I'm a little surprised that more news stations haven't dug up the old videos -- the vigils, the protests, the lynch mob mentality (you can slice that irony with a knife), the flyers with the photos of the entire lacrosse team posted up around the Duke campus with the "Wanted" brand on the bottom, and the New Black Panther Party showing up with loudspeakers shouting "Guilty! Guilty! Guilty!"
The newspapers have been running the story of this reversal of fortune over the last couple of days, but the coverage of this vindication can never match the intensity of those first few weeks of the accusations. Remember the Newsweek cover with the mug shots of two of the players? I wonder if Newsweek will be devoting another edition to the most recent events...
I also wonder how this will affect the players' lives down the road. One of them, David Evans, was indicted the day after he graduated. Think about that for a second. On the day he received his college diploma -- a day that should be remembered as one celebrating a great achievement -- he was thinking about whether a grand jury would return an indictment against him.
I have to imagine their job prospects have been affected. As a de facto matter, they were proven innocent. The fact that the charges were dropped outright, that Nifong was accused of being a rogue prosecutor (by the attorney general's office, no less), that the investigation found no evidence that the attack ever happened, makes them more than "not guilty." That may seem like semantics, but within the criminal justice system, this isn't just a "not guilty." It's a "they didn't do it."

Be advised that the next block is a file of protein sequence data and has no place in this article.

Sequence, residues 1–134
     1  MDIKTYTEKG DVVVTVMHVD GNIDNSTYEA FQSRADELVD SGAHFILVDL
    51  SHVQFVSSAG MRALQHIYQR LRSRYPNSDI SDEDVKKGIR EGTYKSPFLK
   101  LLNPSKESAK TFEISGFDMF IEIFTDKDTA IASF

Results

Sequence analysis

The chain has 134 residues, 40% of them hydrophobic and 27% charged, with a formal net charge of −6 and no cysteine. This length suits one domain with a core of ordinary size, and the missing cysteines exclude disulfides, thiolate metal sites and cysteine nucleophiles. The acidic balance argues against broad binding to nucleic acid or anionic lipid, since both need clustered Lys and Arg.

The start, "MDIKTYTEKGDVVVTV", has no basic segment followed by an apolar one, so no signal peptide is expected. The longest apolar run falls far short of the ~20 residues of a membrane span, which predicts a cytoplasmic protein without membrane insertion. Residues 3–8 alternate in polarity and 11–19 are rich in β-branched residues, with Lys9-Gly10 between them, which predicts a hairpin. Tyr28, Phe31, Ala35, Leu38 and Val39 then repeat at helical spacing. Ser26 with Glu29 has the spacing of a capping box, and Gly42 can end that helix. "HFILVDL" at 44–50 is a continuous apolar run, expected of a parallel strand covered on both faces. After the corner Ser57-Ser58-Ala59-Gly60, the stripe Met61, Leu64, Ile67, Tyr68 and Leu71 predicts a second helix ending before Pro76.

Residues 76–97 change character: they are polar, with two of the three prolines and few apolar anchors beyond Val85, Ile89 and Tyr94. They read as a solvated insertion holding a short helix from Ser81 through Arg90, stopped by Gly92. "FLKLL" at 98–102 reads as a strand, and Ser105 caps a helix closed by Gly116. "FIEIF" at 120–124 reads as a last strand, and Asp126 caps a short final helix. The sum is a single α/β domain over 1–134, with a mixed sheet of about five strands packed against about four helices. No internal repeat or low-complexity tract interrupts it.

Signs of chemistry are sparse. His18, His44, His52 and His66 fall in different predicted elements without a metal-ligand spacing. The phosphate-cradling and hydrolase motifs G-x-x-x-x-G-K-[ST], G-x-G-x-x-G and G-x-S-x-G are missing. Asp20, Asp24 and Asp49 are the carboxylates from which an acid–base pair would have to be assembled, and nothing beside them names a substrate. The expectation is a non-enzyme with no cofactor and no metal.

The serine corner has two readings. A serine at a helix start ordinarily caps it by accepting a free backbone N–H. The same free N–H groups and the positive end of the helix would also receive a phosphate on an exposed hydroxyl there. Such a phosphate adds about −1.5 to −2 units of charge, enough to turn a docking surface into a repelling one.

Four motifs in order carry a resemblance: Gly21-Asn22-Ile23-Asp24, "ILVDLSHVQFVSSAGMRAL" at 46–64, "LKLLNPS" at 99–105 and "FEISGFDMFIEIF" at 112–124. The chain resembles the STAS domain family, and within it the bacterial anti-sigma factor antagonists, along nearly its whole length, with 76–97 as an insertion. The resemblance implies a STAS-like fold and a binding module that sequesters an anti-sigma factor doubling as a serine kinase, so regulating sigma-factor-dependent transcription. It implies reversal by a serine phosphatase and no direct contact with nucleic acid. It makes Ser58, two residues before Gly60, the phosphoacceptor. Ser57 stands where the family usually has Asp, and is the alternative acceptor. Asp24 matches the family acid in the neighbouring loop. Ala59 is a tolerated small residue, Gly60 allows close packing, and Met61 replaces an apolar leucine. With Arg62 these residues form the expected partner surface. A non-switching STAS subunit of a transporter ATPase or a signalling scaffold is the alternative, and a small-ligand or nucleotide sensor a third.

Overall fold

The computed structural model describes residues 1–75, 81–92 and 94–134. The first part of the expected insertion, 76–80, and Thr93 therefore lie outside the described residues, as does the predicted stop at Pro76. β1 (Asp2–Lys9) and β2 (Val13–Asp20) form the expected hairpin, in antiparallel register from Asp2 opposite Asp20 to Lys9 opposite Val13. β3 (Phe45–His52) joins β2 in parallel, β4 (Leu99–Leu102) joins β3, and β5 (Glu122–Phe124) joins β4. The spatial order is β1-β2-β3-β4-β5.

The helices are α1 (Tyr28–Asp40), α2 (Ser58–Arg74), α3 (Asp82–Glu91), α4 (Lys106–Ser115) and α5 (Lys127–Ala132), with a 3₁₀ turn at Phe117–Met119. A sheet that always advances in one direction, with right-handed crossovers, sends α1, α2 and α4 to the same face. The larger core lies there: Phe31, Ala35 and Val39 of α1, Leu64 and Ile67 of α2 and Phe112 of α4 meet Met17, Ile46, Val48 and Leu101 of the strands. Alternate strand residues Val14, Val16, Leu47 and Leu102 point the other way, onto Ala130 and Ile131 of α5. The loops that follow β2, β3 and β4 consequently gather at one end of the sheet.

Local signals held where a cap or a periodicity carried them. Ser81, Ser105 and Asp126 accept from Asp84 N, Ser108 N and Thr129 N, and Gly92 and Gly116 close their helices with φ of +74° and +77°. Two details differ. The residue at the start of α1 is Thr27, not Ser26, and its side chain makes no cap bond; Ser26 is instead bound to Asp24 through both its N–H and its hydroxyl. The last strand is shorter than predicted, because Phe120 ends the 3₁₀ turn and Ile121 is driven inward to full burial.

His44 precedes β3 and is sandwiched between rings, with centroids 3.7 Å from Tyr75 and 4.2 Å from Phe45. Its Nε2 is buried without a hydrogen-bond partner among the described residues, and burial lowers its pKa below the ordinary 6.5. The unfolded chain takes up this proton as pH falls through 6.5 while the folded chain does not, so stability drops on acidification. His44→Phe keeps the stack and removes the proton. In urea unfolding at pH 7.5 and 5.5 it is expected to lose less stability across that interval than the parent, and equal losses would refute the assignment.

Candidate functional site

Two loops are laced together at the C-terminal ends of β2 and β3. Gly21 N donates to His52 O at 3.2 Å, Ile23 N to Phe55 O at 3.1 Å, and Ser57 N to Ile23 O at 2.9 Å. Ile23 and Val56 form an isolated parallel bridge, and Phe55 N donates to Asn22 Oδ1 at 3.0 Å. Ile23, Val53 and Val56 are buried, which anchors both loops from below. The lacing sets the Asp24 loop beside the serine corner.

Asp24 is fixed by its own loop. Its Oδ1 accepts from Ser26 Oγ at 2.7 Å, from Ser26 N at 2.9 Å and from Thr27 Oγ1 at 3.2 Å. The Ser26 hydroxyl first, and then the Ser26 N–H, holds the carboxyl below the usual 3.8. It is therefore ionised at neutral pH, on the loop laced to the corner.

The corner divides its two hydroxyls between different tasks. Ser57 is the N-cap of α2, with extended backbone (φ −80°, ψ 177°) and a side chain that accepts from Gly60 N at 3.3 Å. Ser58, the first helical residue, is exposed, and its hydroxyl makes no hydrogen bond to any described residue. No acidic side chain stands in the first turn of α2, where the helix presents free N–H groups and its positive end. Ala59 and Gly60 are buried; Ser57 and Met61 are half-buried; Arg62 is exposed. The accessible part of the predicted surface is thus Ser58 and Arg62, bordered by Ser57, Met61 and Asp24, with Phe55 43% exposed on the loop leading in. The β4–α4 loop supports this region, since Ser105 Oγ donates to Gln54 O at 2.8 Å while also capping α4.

Still, will an employer really want to hire one of those guys when there are other qualified candidates to choose from? There's significant baggage following them wherever they go, in whatever line of work they choose, and that is unfortunate.
I think civil suits are inevitable. Against the county, the city, probably even the university. I'm sure the general counsel's office at Duke is already preparing for it. There isn't a settlement in the world that can get them back their reputations, but the process -- forcing people to answer for their actions -- will be valuable. (Not that the lacrosse players are saints. You give up some of your sterling reputation when you invite strippers into your house, but morally that's in a whole different ballpark from rape.)
I'm fascinated that this case remains so polarizing. Some recent push-back by Terry Moran at abcnews.com ("Don't Feel Too Sorry for the Dukies"):
As students of Duke University or other elite institutions, these young men will get on with their privileged lives. There is a very large cushion under them--the one that softens the blows of life for most of those who go to Duke or similar places, and have connections through family, friends and school to all kinds of prospects for success. They are very differently situated in life from, say, the young women of the Rutgers University women's basketball team.
Really? I've seen nothing but an outpouring of support and sympathy for the Rutgers women since they were called names (which, while undoubtedly painful for some of them, isn't quite the same as being falsely accused of rape). I'll be curious to see who has an easier time getting on with their lives.